Geographic trends and risk of gastrointestinal cancer among patients with celiac disease in Europe and Asian-Pacific region

Gastroenterol Hepatol Bed Bench. Fall 2013;6(4):170-7.

Abstract

Celiac disease is an autoimmune disorder that affects genetically predisposed individuals upon the ingestion of gluten. It is now considered one of the most common genetic disorders in Europe and Asian Pacific region with a prevalence of up to 2.67% of the population. The true prevalence of celiac disease may still be underestimated. Studies remain limited by sample size and selection bias. Celiac disease predisposes to the development of gastrointestinal malignancies, especially lymphomas and small bowel adenocarcinoma. The risk of developing a celiac disease associated malignancies remains uncertain, despite numerous studies. In Middle Eastern countries, the literature regarding celiac disease has expanded significantly in recent years. These studies reported have largely concentrated on the epidemiology of Celiac disease and there is an absolute and relative paucity of published research regarding celiac disease associated malignancy. The aim of this article is to review the current literature and evaluate the risk of gastrointestinal malignancies among patients with celiac disease and then review studies from the Asian Pacific region of the world.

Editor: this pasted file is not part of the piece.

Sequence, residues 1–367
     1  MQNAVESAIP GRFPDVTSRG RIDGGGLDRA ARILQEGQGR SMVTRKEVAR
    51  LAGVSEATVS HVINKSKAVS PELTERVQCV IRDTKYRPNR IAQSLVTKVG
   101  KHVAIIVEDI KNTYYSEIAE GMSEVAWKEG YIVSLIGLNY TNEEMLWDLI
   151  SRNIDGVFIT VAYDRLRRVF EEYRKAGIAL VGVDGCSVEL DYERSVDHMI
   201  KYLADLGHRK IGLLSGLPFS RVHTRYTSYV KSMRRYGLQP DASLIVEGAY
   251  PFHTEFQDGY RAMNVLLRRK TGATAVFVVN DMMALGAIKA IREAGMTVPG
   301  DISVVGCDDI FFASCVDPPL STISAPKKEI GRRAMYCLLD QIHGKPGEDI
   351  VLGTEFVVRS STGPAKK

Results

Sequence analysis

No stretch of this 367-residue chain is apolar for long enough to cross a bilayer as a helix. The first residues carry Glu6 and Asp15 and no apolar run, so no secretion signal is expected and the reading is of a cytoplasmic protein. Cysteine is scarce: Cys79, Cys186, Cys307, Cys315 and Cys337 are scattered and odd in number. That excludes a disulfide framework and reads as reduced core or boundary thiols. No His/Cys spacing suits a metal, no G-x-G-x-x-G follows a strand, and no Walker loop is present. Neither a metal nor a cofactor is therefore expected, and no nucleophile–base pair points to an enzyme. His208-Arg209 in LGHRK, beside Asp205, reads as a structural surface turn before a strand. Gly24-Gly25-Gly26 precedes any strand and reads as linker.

Keywords: Adenocarcinoma; Asian Pacific region; Celiac disease; Europe; Lymphoma.

Publication types

  • Review